The broad brush of cynicism leaves political discussions painted into a corner.
Such is the case with the shocking indictment of Grovetown Mayor Pro Tem Sonny McDowell.
Let’s say this up front: We are highly skeptical that McDowell knowingly would violate the law as the federal indictment alleges, with a kickback scheme involving a fingerprinting system his private company sold to an Alabama agency.
Of all the men and women currently serving in elected office in our area, it would be hard to find anyone as upstanding as Sonny McDowell. That’s not only our opinion; as word of the indictment spread, that’s what we’ve been hearing repeatedly over the past couple of days not just from fellow officials, but from ordinary citizens speaking on his behalf.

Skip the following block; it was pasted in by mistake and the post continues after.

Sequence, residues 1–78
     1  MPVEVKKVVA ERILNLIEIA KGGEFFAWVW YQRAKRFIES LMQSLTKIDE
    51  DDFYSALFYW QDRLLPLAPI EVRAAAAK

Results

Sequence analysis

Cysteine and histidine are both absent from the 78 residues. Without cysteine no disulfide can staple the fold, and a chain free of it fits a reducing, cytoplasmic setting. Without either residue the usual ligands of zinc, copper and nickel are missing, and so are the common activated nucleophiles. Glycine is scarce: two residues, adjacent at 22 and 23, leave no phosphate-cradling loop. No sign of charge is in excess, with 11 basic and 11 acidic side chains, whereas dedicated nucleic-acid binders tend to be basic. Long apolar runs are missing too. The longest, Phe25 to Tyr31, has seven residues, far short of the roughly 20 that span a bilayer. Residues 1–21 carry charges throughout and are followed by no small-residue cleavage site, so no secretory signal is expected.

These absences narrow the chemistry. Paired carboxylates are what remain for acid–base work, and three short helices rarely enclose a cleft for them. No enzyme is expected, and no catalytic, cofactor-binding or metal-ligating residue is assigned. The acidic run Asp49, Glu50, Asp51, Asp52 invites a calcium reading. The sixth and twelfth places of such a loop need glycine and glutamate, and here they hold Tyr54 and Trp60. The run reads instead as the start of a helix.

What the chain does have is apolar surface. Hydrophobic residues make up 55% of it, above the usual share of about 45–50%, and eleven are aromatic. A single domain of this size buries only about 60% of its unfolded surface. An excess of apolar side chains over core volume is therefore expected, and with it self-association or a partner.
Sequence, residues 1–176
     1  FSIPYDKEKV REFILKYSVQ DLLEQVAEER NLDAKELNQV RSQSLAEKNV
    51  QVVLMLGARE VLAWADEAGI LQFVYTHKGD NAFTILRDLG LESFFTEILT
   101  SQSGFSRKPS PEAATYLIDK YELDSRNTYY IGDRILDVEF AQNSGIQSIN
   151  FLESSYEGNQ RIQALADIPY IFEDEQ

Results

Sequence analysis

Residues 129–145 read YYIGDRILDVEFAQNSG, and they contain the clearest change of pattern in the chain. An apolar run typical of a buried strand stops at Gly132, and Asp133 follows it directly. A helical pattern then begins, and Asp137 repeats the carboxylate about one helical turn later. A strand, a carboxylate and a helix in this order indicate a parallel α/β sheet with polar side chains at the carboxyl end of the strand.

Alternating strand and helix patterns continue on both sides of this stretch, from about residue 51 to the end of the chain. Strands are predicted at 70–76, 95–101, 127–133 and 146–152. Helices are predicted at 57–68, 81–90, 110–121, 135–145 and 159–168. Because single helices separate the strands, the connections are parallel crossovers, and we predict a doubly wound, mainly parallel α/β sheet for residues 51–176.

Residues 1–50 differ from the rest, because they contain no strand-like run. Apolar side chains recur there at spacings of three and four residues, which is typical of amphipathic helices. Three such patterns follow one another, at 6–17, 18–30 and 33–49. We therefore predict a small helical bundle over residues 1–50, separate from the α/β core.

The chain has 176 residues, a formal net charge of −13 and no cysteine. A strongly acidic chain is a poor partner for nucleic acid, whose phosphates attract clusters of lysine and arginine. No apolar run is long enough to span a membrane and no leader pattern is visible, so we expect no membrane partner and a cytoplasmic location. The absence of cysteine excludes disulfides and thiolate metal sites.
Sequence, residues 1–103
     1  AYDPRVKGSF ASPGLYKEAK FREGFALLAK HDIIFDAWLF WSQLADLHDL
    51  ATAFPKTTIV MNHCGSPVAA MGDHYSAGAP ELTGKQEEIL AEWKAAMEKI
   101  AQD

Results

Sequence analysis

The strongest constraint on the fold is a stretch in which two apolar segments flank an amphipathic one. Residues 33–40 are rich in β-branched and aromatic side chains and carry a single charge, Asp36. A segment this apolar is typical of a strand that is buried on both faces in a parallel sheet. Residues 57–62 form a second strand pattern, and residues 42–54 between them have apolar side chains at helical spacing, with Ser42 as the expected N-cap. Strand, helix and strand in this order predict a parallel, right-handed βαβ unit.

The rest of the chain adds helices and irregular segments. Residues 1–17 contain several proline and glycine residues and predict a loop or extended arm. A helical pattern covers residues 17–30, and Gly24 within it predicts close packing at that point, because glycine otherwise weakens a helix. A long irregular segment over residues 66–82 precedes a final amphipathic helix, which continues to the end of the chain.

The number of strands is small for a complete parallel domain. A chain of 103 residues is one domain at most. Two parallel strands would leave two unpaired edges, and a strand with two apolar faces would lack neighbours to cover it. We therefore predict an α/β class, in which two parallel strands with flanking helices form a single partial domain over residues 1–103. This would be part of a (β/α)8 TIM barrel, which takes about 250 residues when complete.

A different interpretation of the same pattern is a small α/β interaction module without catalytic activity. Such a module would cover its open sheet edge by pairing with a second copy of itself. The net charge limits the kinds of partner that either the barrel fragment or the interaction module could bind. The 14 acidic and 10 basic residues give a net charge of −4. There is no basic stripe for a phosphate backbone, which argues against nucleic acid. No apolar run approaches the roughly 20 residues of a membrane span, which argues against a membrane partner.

It’s revealing, too, that when asked about how he believes citizens will perceive his indictment, McDowell doesn’t turn to self-pity or self-aggrandizement. Instead, he worries about the episode’s potential for tainting the perception of public officials.
It’s difficult to imagine that public officials, in general, could be held in lower regard. But that’s because even the most honest local public servant has to suffer from the broad-brush cynicism directed nationally at politicians in general. But it’s unfair, and lazy, to tar the commissioner or councilman down the street just because Congress is a mess.
Such overgeneralization also is dangerous. While we’ve often been let down by faith in fallible people, we harm ourselves, perhaps irreparably, as a society when we fail to evaluate each person on his or her own merits.
Sonny McDowell has done nothing to forfeit fair consideration. To the contrary, as a tireless and selfless champion for Grovetown, he very much deserves the benefit of the doubt.
In the end, he’ll have his day in court, and will have ample opportunity to defend himself against charges that, inexplicably, took five years for prosecutors to bring. Like McDowell, we are confident justice will prevail.